Efficiently interfacing serial data converters to high-speed DSPs (PDF - 80 Kb) . . . . . . . . . . .August 2000 . . . . . . . . . .10
Smallest DSP-compatible ADC provides simplest DSP interface (PDF - 120 Kb) . . . . . . . . . . .November 2000 . . . . . . . .1
Hardware auto-identification and software auto-configuration for the
TLV320AIC10 DSP Codec — a “plug-and-play” algorithm (PDF - 105 Kb) . . . . . . . . . . . . . .November 2000 . . . . . . . .8
Using quad and octal ADCs in SPI mode (PDF - 94 Kb) . . . . . . . . . . . . . . . . . . . . . . . . . . . . . .November 2000 . . . . . . .15
Building a simple data acquisition system using the TMS320C31 DSP (PDF - 235 Kb) . . . . . .February 2001 . . . . . . . . .1
Using SPI synchronous communication with data converters — interfacing the
MSP430F149 and TLV5616 (PDF - 182 Kb) . . . . . . . . . . . . . . . . . . . . . . . . . . . . . . . . . . . . .February 2001 . . . . . . . . .7
A/D and D/A conversion of PC graphics and component video signals, Part 1: Hardware
(PDF - 191 Kb) . . . . . . . . . . . . . . . . . . . . . . . . . . . . . . . . . . . . . . . . . . . . . . . . . . . . . . . . . . .February 2001 . . . . . . . .11
A/D and D/A conversion of PC graphics and component video signals, Part 2: Software
and control . . . . . . . . . . . . . . . . . . . . . . . . . . . . . . . . . . . . . . . . . . . . . . . . . . . . . . . . . . . . . . .July 2001 . . . . . . . . . . . . .5
Intelligent sensor system maximizes battery life: Interfacing the MSP430F123
Flash MCU, ADS7822, and TPS60311 . . . . . . . . . . . . . . . . . . . . . . . . . . . . . . . . . . . . . . . . . .First Quarter, 2002 . . . . . .5
SHDSL AFE1230 application . . . . . . . . . . . . . . . . . . . . . . . . . . . . . . . . . . . . . . . . . . . . . . . . . . . .Second Quarter, 2002 . . . .5
Synchronizing non-FIFO variations of the THS1206 . . . . . . . . . . . . . . . . . . . . . . . . . . . . . . . . . .Second Quarter, 2002 . . .12
Power Management
Stability analysis of low-dropout linear regulators with a PMOS pass element . . . . . . . . . . . . .August 1999 . . . . . . . . . .10
Extended output voltage adjustment (0 V to 3.5 V) using the TI TPS5210 . . . . . . . . . . . . . . . .August 1999 . . . . . . . . . .13
Migrating from the TI TL770x to the TI TLC770x . . . . . . . . . . . . . . . . . . . . . . . . . . . . . . . . . . .August 1999 . . . . . . . . . .14
TI TPS5602 for powering TI’s DSP . . . . . . . . . . . . . . . . . . . . . . . . . . . . . . . . . . . . . . . . . . . . . . .November 1999 . . . . . . . .8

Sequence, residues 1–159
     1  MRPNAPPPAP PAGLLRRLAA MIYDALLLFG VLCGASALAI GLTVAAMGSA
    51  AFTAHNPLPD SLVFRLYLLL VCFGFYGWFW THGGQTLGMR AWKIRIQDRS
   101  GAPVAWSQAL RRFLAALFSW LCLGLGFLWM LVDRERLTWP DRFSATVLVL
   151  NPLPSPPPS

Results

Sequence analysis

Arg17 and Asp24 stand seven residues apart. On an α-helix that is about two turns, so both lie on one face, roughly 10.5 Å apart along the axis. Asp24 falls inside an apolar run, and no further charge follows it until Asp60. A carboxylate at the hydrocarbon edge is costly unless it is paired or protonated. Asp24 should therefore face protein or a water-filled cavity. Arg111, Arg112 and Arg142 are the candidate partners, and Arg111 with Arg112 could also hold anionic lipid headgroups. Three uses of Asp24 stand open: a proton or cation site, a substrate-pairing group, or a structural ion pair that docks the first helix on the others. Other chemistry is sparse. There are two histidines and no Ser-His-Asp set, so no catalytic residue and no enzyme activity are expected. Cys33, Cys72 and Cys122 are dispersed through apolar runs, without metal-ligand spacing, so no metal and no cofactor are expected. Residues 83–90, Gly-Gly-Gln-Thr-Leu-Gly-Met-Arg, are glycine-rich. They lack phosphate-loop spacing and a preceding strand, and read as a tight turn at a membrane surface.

Synchronous buck regulator design using the TI TPS5211 high-frequency
hysteretic controller . . . . . . . . . . . . . . . . . . . . . . . . . . . . . . . . . . . . . . . . . . . . . . . . . . . . . . . .November 1999 . . . . . . .10
Understanding the stable range of equivalent series resistance of an LDO regulator . . . . . . . .November 1999 . . . . . . .14
Power supply solutions for TI DSPs using synchronous buck converters . . . . . . . . . . . . . . . . .February 2000 . . . . . . . .12
Powering Celeron-type microprocessors using TI’s TPS5210 and TPS5211 controllers . . . . . .February 2000 . . . . . . . .20
Simple design of an ultra-low-ripple DC/DC boost converter with TPS60100 charge pump . . .May 2000 . . . . . . . . . . . .11
Low-cost, minimum-size solution for powering future-generation CeleronTM-type
processors with peak currents up to 26 A . . . . . . . . . . . . . . . . . . . . . . . . . . . . . . . . . . . . . . .May 2000 . . . . . . . . . . . .14
Advantages of using PMOS-type low-dropout linear regulators in battery applications
(PDF - 216 Kb) . . . . . . . . . . . . . . . . . . . . . . . . . . . . . . . . . . . . . . . . . . . . . . . . . . . . . . . . . . . .August 2000 . . . . . . . . . .16
Optimal output filter design for microprocessor or DSP power supply (PDF - 748 Kb) . . . . . .August 2000 . . . . . . . . . .22
55
Analog Applications Journal
2Q 2002
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Analog and Mixed-Signal Products
Index of Articles
Texas Instruments Incorporated
Title
Issue
Page
Power Management (Continued)